Major General Sharon Nesmith has become the first female officer to command at the 2 Star level in the British Army, as she takes up the role of General Officer Commanding (GOC) the Army Recruiting and Initial Training Command (ARITC).

According to the British Army, Maj Gen Nesmith, who joined the Army in 1992, is taking leadership of the division-level organisation responsible for the recruitment and subsequent training of soldiers and officers throughout the Army.

She was quoted as saying:

“I am delighted to be taking command of the Army’s recruitment and training. I am proud to be leading the Command responsible for developing excellence in our soldiers and officers.”

As GOC of ARITC, Maj Gen Nesmith will be responsible for recruiting and training the right quantity, quality and composition of Regular and Reserve officers and soldiers to the British Army.

“To do this she will oversee a mixed military, civilian and contractor workforce of more than 6,000 people spread over approximately 130 locations in the UK and overseas. Each year she will manage a budget of over £200m and the training of over 35,000 students over 280 courses. As the second ever female Major General and the only currently serving Regular female Major General she has worked her way up through a number of appointments, from commanding 1st Mechanised Brigade HQ and Signal Squadron (215) deploying on Op Telic 10, through to commanding the 1st UK Signal Brigade.”

The Army also say that following promotion to Major General in March 2019, she was appointed Director Personnel (Army), where she oversaw the personnel strategy and policy required to support the workforce, including support to mental and physical health and wellbeing, enabling inclusive culture across the Army, and improving behaviours across the whole forc


3 4 votes
Article Rating
Notify of
Inline Feedbacks
View all comments
Ian M.

I bet she’s a laugh in the Mess! 🙂

Rich B

Well done to her. Not an easy accomplishment.

Daniele Mandelli

Well done.


Hi Daniele,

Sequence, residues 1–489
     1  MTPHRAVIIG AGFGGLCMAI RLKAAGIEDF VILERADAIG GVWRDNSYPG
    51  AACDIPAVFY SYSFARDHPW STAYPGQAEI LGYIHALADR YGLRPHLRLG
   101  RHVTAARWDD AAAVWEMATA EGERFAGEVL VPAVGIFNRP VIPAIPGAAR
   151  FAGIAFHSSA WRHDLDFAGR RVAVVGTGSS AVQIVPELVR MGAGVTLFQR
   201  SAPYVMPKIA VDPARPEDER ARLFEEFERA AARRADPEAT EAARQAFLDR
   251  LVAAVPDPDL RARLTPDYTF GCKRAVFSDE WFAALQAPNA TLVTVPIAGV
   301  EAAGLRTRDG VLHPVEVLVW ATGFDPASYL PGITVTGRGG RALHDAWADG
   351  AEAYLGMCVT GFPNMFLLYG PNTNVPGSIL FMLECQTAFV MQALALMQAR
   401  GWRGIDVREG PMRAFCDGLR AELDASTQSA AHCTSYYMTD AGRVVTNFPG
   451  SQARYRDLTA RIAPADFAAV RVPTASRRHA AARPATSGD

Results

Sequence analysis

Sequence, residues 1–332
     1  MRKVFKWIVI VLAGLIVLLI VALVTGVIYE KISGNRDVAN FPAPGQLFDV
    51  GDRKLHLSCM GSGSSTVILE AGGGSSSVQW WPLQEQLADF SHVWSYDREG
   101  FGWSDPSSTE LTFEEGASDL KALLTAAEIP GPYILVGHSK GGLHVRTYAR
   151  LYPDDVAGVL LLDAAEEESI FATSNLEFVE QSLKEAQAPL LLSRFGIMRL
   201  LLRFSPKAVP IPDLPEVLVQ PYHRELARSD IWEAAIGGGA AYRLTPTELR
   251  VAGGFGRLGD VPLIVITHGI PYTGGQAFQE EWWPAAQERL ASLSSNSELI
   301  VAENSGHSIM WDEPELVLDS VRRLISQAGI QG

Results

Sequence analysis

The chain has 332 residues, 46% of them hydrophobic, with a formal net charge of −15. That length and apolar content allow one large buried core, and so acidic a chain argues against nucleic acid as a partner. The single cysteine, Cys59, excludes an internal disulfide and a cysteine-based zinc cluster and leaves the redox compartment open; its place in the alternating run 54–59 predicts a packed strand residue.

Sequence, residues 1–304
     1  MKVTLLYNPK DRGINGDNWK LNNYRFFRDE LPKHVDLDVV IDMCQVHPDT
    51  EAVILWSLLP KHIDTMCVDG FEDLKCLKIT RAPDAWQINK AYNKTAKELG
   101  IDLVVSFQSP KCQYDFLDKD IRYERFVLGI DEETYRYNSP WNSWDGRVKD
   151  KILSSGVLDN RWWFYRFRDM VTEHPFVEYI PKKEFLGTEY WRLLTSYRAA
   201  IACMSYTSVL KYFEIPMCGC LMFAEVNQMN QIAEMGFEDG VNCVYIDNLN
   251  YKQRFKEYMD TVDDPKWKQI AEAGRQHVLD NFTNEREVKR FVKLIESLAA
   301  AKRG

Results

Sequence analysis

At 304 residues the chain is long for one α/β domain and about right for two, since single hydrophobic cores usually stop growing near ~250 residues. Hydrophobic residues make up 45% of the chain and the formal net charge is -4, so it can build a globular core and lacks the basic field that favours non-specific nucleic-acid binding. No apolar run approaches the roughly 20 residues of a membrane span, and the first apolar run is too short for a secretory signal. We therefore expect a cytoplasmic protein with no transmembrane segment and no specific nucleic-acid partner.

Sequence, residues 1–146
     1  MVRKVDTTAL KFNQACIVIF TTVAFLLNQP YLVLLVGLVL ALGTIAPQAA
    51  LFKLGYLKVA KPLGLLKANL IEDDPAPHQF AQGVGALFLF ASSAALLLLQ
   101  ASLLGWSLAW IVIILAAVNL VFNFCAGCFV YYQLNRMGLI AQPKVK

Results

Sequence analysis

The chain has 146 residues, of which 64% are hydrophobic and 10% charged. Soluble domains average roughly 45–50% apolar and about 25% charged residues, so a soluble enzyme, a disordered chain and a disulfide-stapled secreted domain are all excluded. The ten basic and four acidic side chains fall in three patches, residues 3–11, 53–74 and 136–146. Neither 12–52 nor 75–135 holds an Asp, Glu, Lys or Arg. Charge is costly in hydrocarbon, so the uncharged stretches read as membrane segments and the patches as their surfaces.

I couldn’t agree more, but in away it is sad that it is still ‘news’.

I read somewhere a little while ago that the RN is concerned about the slow progress that women are making in the promotion stakes, given that they represent 10% of the work force (at the time).

Cheers CR

George Royce

Sounds like a ploy of woke brigade. Can do any of the tasks the lads will be training to do? Fireman carry, 30-miler, bayonet charges?

I’m in favour of female combat medics, but not as frontline soldiers. If we put a 125lbs woman against a 200lb Russian, we’re not going to win are we?


And when do you expect the GOC of ARITC to go hand to hand with a Russian?

Robert Blay

After 28 years service in the British Army, I don’t think she has anything to prove do you? Bloody good on her 🇬🇧

Graham Moore

George, you are treading very old ground. Females have done far more than fill Combat Med Techs roles (itself a frontline role) in recent years. There was a very long running debate within the army about opening up combat roles to women from at least 2001/2 including studies that looked at fitness and strength etc and finally David Cameron declared in Dec 2015 that all combat roles would be open to women.


The British Army is woke and the above “inclusive” speech says it so. Nevertheless she might got there because of her qualities and not because she is a female. She already had an operational combat role and seems to be a communications expert. But this position is very different, it will be political, bureaucratic, logistics and management with some vision to the army future, not a combat role. Her qualities in management will be the stress point not if she can deploy a division in front line combat or do a Patton in Southern France. Instead if she was posted… Read more »

john melling

This is the 21 century! no need for carrying heavy gear when UAVs, USVs and UGVs will be going much of that carrying and as for yomping 30 miles well we have things called vehicles and helicopters for troop transportation.
Things have moved on from the Falklands.
Also, there are such things as, handguns and rifles which we point at the enemy long before they bloody get close enough so the size of soldiers is irrelevant
Your out of touch with times


Not so out of touch as let me assure you the carriage of heavy combat loads is routine thing. The belief that a super duper unmanned vehicle will carry the extra link, the 81mm bombs, the Harris radios, the extra 3 x bandoliers of 150 rds, the NVGs, the heavy batteries, the med packs, the water, the food, the 7.62 link for the GPMG, UGL bombs, then loom zt the size and weight of the weappns carried, the ladders, the breaching kit, the L2s, the smoke, and the special to arms kit such as RE kit, FST comms and obs… Read more »


Loom zt…..mmm I think that was supposed to say “look at” , sorry, big hands and rum, matched with a weeks leave….not a great typing combo….🤣

George Royce

Absolutely correct. As the old saying goes ‘War.. war never changes’